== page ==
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How to 'oblige' a Building Management Group to make a buildings claim?

24

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  • grumbler
    grumbler Posts: 58,629 Forumite
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    edited 26 January at 10:30AM
    TBH, it's just (my) common sense, but there are so many nonsensical laws around, that it will be no surprise to me if my common sense fails me.
    I'm not going to spend my time on becoming a legal expert in this area, but a quick google search gives this among other similar results:

    If the leak arises from an area within the control of the landlord, the potential costs of the work resulting from the leak may be recoverable through the service charge or covered by the buildings insurance policy. Any excess payable will normally be shared by all of the leaseholders through the service charge.

    If the leak arises from an area with the control of another leaseholder then it is more likely that the leaseholder will be responsible for the damage caused to your flat. If the building is covered by a comprehensive insurance policy that covers damage between flats the landlord or managing agent might allow a claim in some circumstances.

    Where the damage is more extensive and involves areas within the landlord’s responsibility the landlord may take a lead on the work or oversee the work carried out by the flat owner.


  • eddddy
    eddddy Posts: 16,431 Forumite
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    grumbler said:

    I'm not going to spend my time on becoming an expert in this area, but a quick google search gives this among other similar results:

    If the leak arises from an area within the control of the landlord, the potential costs of the work resulting from the leak may be recoverable through the service charge or covered by the buildings insurance policy. Any excess payable will normally be shared by all of the leaseholders through the service charge.

    If the leak arises from an area with the control of another leaseholder then it is more likely that the leaseholder will be responsible for the damage caused to your flat. If the building is covered by a comprehensive insurance policy that covers damage between flats the landlord or managing agent might allow a claim in some circumstances.

    Where the damage is more extensive and involves areas within the landlord’s responsibility the landlord may take a lead on the work or oversee the work carried out by the flat owner.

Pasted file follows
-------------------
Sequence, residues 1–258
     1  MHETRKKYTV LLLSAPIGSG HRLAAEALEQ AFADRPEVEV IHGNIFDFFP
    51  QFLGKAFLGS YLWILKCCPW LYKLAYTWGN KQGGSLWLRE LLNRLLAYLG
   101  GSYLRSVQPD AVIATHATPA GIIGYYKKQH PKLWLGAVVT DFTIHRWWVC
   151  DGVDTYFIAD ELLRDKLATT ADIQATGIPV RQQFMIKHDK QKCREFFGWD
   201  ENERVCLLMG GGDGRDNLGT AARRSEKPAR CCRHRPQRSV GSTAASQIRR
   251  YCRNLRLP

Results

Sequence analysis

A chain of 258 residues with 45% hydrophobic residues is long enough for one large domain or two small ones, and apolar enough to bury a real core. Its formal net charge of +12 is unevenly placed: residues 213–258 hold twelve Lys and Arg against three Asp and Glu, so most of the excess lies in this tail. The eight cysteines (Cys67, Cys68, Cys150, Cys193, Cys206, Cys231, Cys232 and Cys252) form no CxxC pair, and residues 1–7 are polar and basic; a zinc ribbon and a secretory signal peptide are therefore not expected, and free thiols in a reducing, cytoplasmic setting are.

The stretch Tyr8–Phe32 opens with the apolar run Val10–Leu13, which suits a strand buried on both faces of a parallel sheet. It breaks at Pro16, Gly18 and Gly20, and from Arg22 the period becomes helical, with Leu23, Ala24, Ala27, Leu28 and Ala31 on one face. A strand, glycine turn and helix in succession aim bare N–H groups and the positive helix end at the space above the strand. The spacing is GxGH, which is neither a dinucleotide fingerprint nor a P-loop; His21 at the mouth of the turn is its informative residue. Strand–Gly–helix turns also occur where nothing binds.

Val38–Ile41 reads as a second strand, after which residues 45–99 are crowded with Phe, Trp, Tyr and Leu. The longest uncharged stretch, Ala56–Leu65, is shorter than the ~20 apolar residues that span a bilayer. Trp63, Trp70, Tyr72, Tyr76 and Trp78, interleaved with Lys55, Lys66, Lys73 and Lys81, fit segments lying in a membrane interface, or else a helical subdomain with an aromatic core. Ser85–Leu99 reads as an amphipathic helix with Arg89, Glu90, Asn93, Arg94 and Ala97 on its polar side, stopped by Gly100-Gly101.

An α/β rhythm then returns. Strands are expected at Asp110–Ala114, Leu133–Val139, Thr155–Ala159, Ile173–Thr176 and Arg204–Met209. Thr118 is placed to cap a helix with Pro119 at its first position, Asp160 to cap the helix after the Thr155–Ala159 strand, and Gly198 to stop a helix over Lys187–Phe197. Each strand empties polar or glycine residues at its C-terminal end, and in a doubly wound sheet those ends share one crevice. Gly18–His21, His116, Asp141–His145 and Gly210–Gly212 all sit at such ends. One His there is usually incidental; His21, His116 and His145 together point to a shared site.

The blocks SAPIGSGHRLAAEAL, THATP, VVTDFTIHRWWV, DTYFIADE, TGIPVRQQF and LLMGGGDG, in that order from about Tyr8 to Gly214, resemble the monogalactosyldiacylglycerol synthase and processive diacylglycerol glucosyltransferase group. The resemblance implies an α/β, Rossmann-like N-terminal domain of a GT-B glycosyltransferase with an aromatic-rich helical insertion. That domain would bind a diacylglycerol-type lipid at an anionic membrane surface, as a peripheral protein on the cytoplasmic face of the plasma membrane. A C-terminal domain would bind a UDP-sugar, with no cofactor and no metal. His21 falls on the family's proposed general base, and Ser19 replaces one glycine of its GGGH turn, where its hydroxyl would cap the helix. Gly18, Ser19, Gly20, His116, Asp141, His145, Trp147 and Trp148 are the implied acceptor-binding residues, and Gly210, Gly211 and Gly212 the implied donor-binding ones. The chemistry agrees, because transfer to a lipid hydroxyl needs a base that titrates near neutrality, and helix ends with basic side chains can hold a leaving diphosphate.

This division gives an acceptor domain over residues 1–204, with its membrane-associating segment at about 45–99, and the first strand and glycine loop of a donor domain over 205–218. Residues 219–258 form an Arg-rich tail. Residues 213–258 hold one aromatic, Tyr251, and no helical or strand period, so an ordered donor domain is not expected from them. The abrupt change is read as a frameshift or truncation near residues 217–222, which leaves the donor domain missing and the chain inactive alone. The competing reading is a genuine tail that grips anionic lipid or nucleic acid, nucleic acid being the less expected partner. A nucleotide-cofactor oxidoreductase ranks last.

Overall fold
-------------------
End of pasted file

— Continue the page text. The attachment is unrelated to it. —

It's strange that LEASE have that info on their website.


    Here's an example of a Court of Appeal case that confirms that there is no "strict liability" for water leaks escaping from your property:

    https://www.bevanbrittan.com/insights/articles/2020/c-v-b/

    The Court of Appeal confirms that you are only liable if you were negligent.

    (But as the article says, District Courts / Small Claims Courts sometimes get this wrong.)

    In the OP's case, there's no suggestion the the upstairs owner was negligent. In fact, there's a strong possibility that the kitchen fitter was negligent.


    But negligence can be difficult to prove, so it's usually best to have buildings insurance, and consider making a claim on that instead. (And the insurers might decide to pursue the kitchen fitters.)


  • ThisIsWeird
    ThisIsWeird Posts: 4,840 Forumite
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    Logically, Grumb and Eddddy, it doesn't make sense that you can make the other flat owner liable - unless they were seriously and very obviously negligent to the point of recklessness. 
    I mean, what would happen with an everyday unintended and unanticipated leak - you make the flat owner liable? If so, how would they manage to pay the potentially many £1,000s in repair charges? They wouldn't be individually insured against this, since 'Buildings' is done communally through the FH. The only individual insurance they'd have is 'contents', and that certainly ain't going to pay out for 'structural' repairs. So, every flat owner should be prepared to dip into their own pockets if a leak emanates from their flat? No, surely not.
    Even suing this kitchen fitter will be fraught - all he has to do is claim that he made all these connections according to the manufacturer's guidelines, checked them for leaks, and was satisfied they were all ok when he left; the fact one subsequently 'blew' must mean the fitting was faulty, ergo not his fault. To prove otherwise will almost certainly be a hiding to nothing.
    I agree - the flat owner is not personally liable. The kitchen fitter might be, but that doesn't help the OP. Physical damage to the fabric of the building is covered by the communal Buildings insurance and/or any accumulated sink-fund. It is then up to the insurance assessor/investigator whether to pursue the kitchen fitter to recover this sum - they will know from experience what the chances of success are (it may well be that such major leaks following a plumbing installation does, in itself, imply liability; a 'pro' just shouldn't have a leak! I don't know.)
    This should be like a car accident. Priority is for your insurance to cover the repairs - then the two companies can fight it out for 'liability'.
  • grumbler
    grumbler Posts: 58,629 Forumite